The queen of Sápmi

Aili Keskitalo is the new President of the Norwegian Sámi Parliament.

The new President of the Norwegian Sámi Parliament, Aili Keskitalo (44), promises that cooperation with indigenous peoples in Russia will be a top priority.


“We have an important role to play internationally,” says Keskitalo to BarentsObserver. ”Especially in Russia where we have sisters and brothers,” she adds.  

Thursday, His Majesty the King and His Royal Highness the Crown Prince of Norway officially opened the Seventh Sámediggi (Sami Parliament) in Karasjok. 

The Sámediggi is an elected assembly that represents the Sámi people in Norway. Thirty-nine members of parliament are elected from seven constituencies every fourth year.

Keskitalo is representing the Norwegian Sámi Association and is a well-known figure within the Sámi political landscape. In 2005 she became the first female President of any Sámi Parliament. She was the third President of the Norwegian Sámediggi since it was first opened in 1989. 

This time she`ll have to seek broad consensus in all political matters, as she will be governing a minority cabinet consisting solely of members of her own political party. 

 “I am ready to negotiate,” says Keskitalo. “I consider it both challenging and exciting.” 

International cooperation
The President underlines that there are many areas where Sámediggi members agree, and mentions the international indigenous cooperation as one example.  

The Sámi people live in Norway, Sweden, Finland and Russia. The total population in these four countries is estimated to be approx. 80,000. Around half of them live in Norway.

Keskitalo underlines that the Norwegian Sámediggi is concerned about the political situation in Russia. 

“Human rights, freedom of speech and freedom of assembly is of vital importance to indigenous peoples,” she says. “We acknowledge that these freedoms are under threat in contemporary Russia”, Keskitalo goes on.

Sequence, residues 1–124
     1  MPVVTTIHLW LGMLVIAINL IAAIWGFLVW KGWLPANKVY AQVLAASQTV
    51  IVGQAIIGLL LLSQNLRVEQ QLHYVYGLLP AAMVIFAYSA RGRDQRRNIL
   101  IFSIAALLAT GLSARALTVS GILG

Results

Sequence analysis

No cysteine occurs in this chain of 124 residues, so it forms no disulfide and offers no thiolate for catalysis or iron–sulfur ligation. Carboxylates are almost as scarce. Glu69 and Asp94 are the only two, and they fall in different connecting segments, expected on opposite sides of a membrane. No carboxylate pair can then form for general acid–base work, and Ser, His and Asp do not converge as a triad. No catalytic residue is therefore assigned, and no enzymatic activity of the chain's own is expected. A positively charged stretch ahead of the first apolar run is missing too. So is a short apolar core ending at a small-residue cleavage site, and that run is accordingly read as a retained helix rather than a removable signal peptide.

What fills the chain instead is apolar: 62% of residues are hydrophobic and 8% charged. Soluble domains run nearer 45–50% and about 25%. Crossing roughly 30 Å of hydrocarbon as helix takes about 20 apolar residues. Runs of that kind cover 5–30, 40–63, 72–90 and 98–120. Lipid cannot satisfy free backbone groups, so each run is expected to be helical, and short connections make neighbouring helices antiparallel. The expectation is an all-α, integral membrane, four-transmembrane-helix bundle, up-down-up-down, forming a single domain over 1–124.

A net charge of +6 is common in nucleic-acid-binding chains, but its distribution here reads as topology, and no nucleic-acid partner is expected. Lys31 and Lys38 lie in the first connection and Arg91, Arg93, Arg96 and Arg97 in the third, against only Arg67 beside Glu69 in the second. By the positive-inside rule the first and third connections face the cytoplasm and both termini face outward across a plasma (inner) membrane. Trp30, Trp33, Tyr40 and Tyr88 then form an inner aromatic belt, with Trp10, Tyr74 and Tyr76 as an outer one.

In September this year Keskitalo was detained by immigration authorities in Murmansk after participating at the annual meeting in the Standing Committee of Parliamentarians of the Arctic Region. She was released after paying a fine for violating visa rules. 

“The Sámediggi is worried that the new NGO law on foreign agents could affect indigenous projects,” The President explains.

Barents cooperation
Keskitalo is representing the Working Group of Indigenous Peoples (WGIP) in the Barents Regional Council. The working group consists of political representatives from the Sámi in Norway, Russia, Finland and Sweden as well as the Nenets and Vepsian peoples in Russia. 

According to Keskitalo it is a paradox that Russian authorities are suspicious towards foreign funding, but at the same time refuses to cover the travel expenses for the Russian WGIP-members. 

The working group backed out of the Barents Cooperation after the Barents Summit in June 2013 because of lack of funding. By October 2013 Norway, Sweden and Finland are providing annual funding and the working group is active again.  

“We hope Russia will change its mind and become an important partner both in the Barents and the Arctic Cooperation,” says Keskitalo.        

The newly elected President is invited to be present when the Foreign Ministers in the Barents Euro-Arctic Region meet in Tromsø on October 29th. 

“We consider the Barents Cooperation to be the most important people-to-people grass-root cooperation, something other international structures lack,” she says, stressing that she has great expectations to the final outcome of the meeting.  

“We hope the ministers will provide indigenous peoples with permanent participation in the Barents Council,” she says.  


  • The purpose of the Sámediggi is to strengthen the political position of the Sami people and promote Sami interests in Norway, contributing to equal and equitable treatment of the Sami people and paving the way for Sami efforts to safeguard and develop their language, culture and society. (Source